She wrote poetry, sonnets to her Astrophel. Borrowing the motto of the state in which she had grown up, she titled the sequence Ad Astra per Aspera. It began with Dorothy speaking to Oz of the storm that took her away. Oz told her to click her heels, for there was no place like home. The Emerald City became a city of golden crystal. She wrote that after the first year (perhaps), anticipating her Astrophel’s coming, the deep surge of him as he rewarded her work and killed her. And when she was very good, he would sing her poems back to her before taking her in his arms and hurling her into the dark and the cold.
Time went unmeasured; she slept when she was tired and her face did not change. Her days were counted in her Astrophel’s visits to her study, where he read her screaming, exultant, terrified, tortured, sweet love of him. He also read what she did not know she wrote or felt: desperation for a home she neither remembered nor, so far as she knew, wanted. That amused her Astrophel. Those sonnets always went into the box that sat at the right front corner of her desk. The ones he did not like (there was no telling which would suit him until he read them) were pushed slowly onto a spike at the left front corner of the desk. The paper would scream in pain. Her Astrophel’s eyes would grow blacker and he would smile.
“You know how I love you.”
She would say nothing.
Though she never left her sphere, she knew it was more or less at the center of the others and the sickening vortex of their constant rearrangement. A minotaur guarded the only way in. he did not sleep; he only prowled brutishly. When the paper screamed, she would go to her bedchamber and lie on the bed listening to his heavy tread on the steps. As he fucked her, she wept, for she had failed. (The minotaur for his part was quite gentle and tried to get things over with quickly. It was more like fucking a beautiful dead thing than it wasn’t, except for the sobbing, which was especially hard on Ken the minotaur, formerly Ken the motivational speaker.)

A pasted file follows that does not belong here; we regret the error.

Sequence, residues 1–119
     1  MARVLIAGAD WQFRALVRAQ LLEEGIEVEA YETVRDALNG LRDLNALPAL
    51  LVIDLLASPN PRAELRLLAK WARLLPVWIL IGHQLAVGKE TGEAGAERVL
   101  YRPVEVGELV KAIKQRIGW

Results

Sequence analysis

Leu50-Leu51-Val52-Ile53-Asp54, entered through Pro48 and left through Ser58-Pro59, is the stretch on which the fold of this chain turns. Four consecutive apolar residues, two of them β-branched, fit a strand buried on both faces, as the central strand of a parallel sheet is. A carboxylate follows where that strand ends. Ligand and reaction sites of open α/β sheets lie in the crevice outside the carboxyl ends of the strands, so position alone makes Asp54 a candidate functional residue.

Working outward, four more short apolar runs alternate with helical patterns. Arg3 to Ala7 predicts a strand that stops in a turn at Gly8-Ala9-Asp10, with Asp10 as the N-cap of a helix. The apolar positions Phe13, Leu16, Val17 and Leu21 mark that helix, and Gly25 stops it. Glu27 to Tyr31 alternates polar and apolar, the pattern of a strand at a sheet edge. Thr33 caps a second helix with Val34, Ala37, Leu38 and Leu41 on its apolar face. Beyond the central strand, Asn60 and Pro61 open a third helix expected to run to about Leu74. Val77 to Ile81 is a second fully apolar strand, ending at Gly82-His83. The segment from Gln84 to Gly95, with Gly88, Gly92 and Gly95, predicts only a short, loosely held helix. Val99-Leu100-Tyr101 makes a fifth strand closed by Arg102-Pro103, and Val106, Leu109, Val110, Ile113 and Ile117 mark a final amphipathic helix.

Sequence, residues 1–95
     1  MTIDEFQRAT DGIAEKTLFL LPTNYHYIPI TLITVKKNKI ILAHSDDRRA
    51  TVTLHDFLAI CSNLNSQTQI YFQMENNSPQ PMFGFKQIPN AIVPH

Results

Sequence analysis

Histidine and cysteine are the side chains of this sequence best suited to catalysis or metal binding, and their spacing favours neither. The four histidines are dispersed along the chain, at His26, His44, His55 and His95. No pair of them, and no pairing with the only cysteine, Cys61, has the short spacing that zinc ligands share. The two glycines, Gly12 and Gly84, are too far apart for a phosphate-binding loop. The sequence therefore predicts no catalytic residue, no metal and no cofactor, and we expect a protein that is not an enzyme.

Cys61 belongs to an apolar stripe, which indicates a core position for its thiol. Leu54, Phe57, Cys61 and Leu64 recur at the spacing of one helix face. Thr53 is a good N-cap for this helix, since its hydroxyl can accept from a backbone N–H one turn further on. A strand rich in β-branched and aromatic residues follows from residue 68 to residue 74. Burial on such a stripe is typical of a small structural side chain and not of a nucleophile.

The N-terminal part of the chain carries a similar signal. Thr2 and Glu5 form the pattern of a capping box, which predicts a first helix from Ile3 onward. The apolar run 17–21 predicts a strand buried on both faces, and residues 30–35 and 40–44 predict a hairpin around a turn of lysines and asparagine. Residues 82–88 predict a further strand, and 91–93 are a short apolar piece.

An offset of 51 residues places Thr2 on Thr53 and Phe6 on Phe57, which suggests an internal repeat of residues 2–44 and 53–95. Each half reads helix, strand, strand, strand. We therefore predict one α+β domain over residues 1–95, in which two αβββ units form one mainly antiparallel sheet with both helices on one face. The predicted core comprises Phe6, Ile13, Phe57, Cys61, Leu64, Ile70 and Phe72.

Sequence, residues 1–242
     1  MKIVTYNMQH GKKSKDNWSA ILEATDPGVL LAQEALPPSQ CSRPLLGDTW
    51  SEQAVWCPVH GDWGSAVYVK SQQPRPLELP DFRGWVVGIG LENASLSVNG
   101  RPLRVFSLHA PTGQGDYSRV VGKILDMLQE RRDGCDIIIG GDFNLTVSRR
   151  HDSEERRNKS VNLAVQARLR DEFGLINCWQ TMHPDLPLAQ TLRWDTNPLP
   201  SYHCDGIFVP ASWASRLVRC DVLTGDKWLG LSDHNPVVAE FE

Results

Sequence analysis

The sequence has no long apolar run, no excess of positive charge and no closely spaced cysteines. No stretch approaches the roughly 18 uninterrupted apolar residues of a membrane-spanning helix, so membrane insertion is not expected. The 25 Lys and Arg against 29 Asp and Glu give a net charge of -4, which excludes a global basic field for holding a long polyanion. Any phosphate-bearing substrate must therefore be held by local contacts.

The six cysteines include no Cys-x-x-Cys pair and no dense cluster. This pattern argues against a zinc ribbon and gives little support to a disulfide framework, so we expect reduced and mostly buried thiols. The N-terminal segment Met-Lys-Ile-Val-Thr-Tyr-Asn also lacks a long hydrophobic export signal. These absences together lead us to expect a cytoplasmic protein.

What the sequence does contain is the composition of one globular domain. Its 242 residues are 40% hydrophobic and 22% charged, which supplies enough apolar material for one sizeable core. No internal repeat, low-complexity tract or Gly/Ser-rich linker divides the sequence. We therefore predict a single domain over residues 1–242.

Praised with death, punished with the torture of her words and an act that parodied the praise she craved, she tried with her every breath to inspire that praise and stared into the blackness for her own inspiration and cold hope.
She did inspire. Ken the minotaur also saw the blackness around them. He studied the movements of the spheres. He came to understand the way out. Once, the Keeper, colder than cold, told the minotaur to go once more in the bedchamber. They both deserved it, he was sure, but this time he could not be bothered to watch—good-bye. Alone with her, Ken the minotaur softly and through thick bull slobber told her that this was all very bad—so very bad. They must leave. And he told her so softly, so thickly every time her Astrophel left them as Ken made her cry. Eventually she heard him.
Ken the minotaur worked out that the spheres grew louder when their master was gone, their spinning more intense. He told her. She listened, and so did he. In time, he heard a hideous scream from her sphere and she staggered to him, clutching a box and a bundle of papers that bled slightly from a hole at their center. Ken picked her up and ran. She slept, she thought.
Stella, she thinks. I’m Stella. I was a poet once. She has two boxes of poems to prove it.
Now, two years after the book was published, Elizabeth Ashley is a children’s librarian in Superior, her gift for poetry apparently gone. Such a shame. Stella—Stella Nox—has also lost her gift for poetry as such.
Kind of dead inside.
If she met her Keeper, the result would be . . . not so good. She still associates him with praise, with good work, with desire, with all she wants, but she knows definitively that it is bad. She does not want to go back, but she longs despite herself.
As horrific as Arcadia was, there was good in it. She got to be a poet burning with inspiration and ability, and she got to read a world of whatever she wanted, to immerse herself in words and ideas. She was words (and praise and punishment).
Most people see a woman who is about five feet, four inches tall and more slender than she is feminine. Her eyes are hazel and bright with gold flecks, and her black hair is always knotted at the nape of her neck. Her clothes are almost Grecian in their drape and cut.
In reality, Stella is eight inches taller and even slimmer, with marble-white skin and eyes that glitter like pyrite. Her hair is deep black; however, it does not drink light, but rather, like the tired metaphorical raven’s wing, has a blue sheen.
No longer a poet; still an exceptional writer, but can only ghost write or write about others. Especially good with obituaries. Can make the most unimportant person seem great and worth emulating. Others can grieve for strangers through her words. Also very good at writing about important people in a way that seems personal.
Almost pathological need for approval.
Can get a little hysterical-sounding as she tries to get people to like her, to say she’s good.
After she edits her own work, she has an intermediary work with the publication’s editors; she cannot handle the criticism without breaking down.
Prophecy: when fire is in the sky, your doom is nigh. (from Keeper)